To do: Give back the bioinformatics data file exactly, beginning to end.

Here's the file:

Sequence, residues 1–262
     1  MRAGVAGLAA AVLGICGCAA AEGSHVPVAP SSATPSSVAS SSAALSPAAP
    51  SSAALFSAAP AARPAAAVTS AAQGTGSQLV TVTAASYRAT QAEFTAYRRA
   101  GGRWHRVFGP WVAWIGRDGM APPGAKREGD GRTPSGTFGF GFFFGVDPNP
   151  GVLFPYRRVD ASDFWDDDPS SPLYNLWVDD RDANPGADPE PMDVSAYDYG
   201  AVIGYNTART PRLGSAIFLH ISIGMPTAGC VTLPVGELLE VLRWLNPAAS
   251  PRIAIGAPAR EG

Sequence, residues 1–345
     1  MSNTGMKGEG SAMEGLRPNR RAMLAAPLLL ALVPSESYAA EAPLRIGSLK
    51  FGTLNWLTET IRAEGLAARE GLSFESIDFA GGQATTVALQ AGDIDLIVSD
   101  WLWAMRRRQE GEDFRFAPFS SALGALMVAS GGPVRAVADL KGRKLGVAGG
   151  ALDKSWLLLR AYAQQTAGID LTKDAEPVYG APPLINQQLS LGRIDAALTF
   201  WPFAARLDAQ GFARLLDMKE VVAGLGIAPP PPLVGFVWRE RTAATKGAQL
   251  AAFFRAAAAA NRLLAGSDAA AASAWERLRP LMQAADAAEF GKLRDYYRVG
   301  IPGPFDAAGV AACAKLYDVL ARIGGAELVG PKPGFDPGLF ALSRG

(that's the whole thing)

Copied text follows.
Sequence, residues 1–262
     1  MRAGVAGLAA AVLGICGCAA AEGSHVPVAP SSATPSSVAS SSAALSPAAP
    51  SSAALFSAAP AARPAAAVTS AAQGTGSQLV TVTAASYRAT QAEFTAYRRA
   101  GGRWHRVFGP WVAWIGRDGM APPGAKREGD GRTPSGTFGF GFFFGVDPNP
   151  GVLFPYRRVD ASDFWDDDPS SPLYNLWVDD RDANPGADPE PMDVSAYDYG
   201  AVIGYNTART PRLGSAIFLH ISIGMPTAGC VTLPVGELLE VLRWLNPAAS
   251  PRIAIGAPAR EG

Sequence, residues 1–345
     1  MSNTGMKGEG SAMEGLRPNR RAMLAAPLLL ALVPSESYAA EAPLRIGSLK
    51  FGTLNWLTET IRAEGLAARE GLSFESIDFA GGQATTVALQ AGDIDLIVSD
   101  WLWAMRRRQE GEDFRFAPFS SALGALMVAS GGPVRAVADL KGRKLGVAGG
   151  ALDKSWLLLR AYAQQTAGID LTKDAEPVYG APPLINQQLS LGRIDAALTF
   201  WPFAARLDAQ GFARLLDMKE VVAGLGIAPP PPLVGFVWRE RTAATKGAQL
   251  AAFFRAAAAA NRLLAGSDAA AASAWERLRP LMQAADAAEF GKLRDYYRVG
   301  IPGPFDAAGV AACAKLYDVL ARIGGAELVG PKPGFDPGLF ALSRG